Five Key Considerations for Your Estate Plan

Maintaining your estate plan can feel overwhelming when faced with all the changes life can bring. Calling your attorney may not be your first instinct when you’re faced with a significant shift in income, investments, or employment, but consulting with us is a wise way to ensure your legal health is always maintained. Read on for five events that should capture your attention and prompt you to reach out to us for some personalized advice.

  1. You’ve opened a new retirement account or established a new retirement plan.

As we all know, planning for one’s retirement is crucial. The peace of mind provided by a solid retirement plan is irreplaceable. The way you and your financial advisors choose to structure your retirement plan and invest your retirement assets will vary, as they are designed to meet your particular needs, wants, and goals. Keep in mind that if you open a new account, your estate plan will need to be reviewed and possibly updated as well. A new taxable investment account may need to be “funded” into your trust. If you’ve set up or started contributing to a tax-deferred account, such as a 401(k), IRA, Roth IRA, employee stock ownership plan, or another type of retirement plan, contact us about your estate plan, too, since we want to be certain that your beneficiary designation is exactly what you intend.

  1. You’ve started a new job.

Congratulations! A new professional opportunity is exciting, and it is accompanied by plenty of financial change. As we’ve seen above, taking a new retirement plan or account into consideration is quite important, and a new company often means a new account. You may also have new employer-sponsored life insurance, so it’s important to seek our help to verify that your life insurance beneficiaries remain up to date.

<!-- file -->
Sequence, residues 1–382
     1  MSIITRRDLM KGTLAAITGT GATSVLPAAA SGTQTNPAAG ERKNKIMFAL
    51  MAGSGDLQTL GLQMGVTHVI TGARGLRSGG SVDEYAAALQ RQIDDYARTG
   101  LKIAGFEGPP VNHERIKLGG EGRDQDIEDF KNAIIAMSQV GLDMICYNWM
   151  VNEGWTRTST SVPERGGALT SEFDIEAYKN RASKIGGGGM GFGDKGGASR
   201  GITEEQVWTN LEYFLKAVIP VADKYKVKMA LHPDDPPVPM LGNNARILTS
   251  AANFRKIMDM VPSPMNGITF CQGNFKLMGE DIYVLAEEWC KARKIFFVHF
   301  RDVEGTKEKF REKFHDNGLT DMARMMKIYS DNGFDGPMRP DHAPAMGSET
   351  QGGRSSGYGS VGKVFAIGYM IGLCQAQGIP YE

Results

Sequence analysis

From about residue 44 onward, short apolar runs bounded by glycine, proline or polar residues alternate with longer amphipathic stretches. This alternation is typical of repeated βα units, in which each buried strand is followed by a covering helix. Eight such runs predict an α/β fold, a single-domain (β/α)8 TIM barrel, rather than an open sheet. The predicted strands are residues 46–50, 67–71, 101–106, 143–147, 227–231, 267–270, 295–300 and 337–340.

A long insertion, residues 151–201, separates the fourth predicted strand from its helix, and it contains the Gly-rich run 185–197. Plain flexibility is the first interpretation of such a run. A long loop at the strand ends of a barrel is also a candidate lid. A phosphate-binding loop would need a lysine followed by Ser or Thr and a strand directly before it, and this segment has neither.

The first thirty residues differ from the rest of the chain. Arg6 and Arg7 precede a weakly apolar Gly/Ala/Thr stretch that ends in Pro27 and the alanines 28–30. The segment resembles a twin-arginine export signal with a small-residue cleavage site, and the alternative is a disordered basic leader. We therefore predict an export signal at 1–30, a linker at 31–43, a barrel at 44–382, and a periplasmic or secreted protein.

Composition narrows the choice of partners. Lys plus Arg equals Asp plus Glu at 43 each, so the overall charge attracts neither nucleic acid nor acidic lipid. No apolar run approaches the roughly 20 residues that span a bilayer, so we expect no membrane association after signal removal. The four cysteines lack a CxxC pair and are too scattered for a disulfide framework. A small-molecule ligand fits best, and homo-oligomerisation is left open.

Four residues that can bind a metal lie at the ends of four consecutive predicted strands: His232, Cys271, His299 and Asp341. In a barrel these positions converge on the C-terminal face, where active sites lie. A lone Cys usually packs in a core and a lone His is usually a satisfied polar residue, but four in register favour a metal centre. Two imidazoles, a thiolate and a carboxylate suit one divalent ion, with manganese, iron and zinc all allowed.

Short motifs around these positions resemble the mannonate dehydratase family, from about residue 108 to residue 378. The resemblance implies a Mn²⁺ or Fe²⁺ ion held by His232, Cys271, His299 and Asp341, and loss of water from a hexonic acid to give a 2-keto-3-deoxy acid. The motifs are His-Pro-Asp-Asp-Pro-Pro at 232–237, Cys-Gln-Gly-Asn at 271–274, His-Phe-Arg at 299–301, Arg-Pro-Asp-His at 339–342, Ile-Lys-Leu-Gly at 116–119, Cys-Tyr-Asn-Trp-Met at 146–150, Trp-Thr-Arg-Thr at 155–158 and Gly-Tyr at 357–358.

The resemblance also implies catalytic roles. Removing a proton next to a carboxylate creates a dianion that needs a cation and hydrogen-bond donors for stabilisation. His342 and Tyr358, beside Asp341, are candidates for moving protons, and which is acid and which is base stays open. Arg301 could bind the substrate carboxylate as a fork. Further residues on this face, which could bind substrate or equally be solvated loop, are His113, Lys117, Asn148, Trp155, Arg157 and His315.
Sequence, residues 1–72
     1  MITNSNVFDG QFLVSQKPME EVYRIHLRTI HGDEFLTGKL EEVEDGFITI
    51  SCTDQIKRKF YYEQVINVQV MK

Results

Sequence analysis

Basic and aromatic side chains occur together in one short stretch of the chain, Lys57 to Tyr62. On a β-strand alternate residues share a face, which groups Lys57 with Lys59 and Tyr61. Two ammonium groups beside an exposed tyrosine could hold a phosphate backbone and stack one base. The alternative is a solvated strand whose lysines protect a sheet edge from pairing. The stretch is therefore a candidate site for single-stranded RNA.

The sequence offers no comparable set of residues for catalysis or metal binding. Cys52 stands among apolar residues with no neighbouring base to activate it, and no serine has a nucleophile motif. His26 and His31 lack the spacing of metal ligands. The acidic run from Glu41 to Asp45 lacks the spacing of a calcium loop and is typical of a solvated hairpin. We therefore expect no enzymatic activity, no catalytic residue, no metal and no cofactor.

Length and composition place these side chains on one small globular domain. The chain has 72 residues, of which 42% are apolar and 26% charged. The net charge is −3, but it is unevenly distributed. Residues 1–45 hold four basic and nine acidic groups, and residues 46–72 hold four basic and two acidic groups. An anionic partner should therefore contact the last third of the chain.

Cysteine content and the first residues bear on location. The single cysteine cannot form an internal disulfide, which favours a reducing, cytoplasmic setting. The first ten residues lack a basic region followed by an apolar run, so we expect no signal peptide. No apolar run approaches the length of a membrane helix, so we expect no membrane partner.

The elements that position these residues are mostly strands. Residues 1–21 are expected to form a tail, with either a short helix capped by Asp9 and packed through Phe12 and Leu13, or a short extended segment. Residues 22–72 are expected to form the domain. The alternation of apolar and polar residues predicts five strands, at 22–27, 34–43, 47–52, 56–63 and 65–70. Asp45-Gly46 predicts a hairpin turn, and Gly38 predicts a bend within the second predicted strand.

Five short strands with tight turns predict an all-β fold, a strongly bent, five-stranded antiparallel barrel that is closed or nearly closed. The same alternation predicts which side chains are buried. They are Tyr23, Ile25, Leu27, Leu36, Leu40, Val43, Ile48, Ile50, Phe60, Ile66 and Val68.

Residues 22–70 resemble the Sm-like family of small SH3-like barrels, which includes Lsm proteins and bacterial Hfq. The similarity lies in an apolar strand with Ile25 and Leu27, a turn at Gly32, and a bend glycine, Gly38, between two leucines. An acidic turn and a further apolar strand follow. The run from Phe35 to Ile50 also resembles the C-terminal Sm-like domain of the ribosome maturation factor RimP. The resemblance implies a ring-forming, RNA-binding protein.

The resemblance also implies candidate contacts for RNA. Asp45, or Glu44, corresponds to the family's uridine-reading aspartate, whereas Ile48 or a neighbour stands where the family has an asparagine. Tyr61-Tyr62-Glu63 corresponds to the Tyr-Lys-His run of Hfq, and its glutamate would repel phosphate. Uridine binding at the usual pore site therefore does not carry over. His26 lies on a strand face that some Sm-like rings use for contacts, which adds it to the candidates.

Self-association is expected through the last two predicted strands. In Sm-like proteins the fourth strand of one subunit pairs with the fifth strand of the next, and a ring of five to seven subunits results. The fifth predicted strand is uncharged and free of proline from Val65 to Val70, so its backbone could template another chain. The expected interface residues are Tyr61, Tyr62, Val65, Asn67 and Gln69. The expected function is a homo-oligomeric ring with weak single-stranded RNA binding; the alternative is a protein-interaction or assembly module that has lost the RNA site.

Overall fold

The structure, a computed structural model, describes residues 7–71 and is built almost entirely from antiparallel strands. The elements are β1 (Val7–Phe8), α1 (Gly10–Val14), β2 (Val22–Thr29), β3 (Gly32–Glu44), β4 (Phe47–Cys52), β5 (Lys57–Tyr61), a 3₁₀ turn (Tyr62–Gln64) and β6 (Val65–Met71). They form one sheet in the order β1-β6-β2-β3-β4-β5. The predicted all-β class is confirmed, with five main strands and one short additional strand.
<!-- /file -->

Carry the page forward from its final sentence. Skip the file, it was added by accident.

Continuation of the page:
1. You’ve kept the same job.

Even if this year finds you in the same job as last, open enrollment can begin when you have a life change, for example, the birth of a child, marriage or divorce. Make sure you update or verify your life insurance and retirement plan beneficiaries. We can help ensure that everything is as it should be.

  1. You have teenaged children.

Your child’s 18th birthday is not only a rite of passage but also a significant change in legal status and planning needs. Be sure to schedule a meeting with us to learn what you and your teen need to do as your teen becomes an adult.

  1. You started a business.

Whether you’ve fully jumped in or kept your day job, starting a business is a bold step! It’s in your best interest to take precautions to ensure your business is fully protected. In addition to the business entity issues, tax planning, and growing your business, there are estate planning implications with a new business. We can help you coordinate your new business with your estate plan.

As always, I am here for you if you have questions about the health of your estate and how it is affected by the big changes in your life. Together, we can develop or enhance your estate plan to meet your goals and secure your family’s future. Feel free to schedule a call.


Photo by Ali Gooya on Unsplash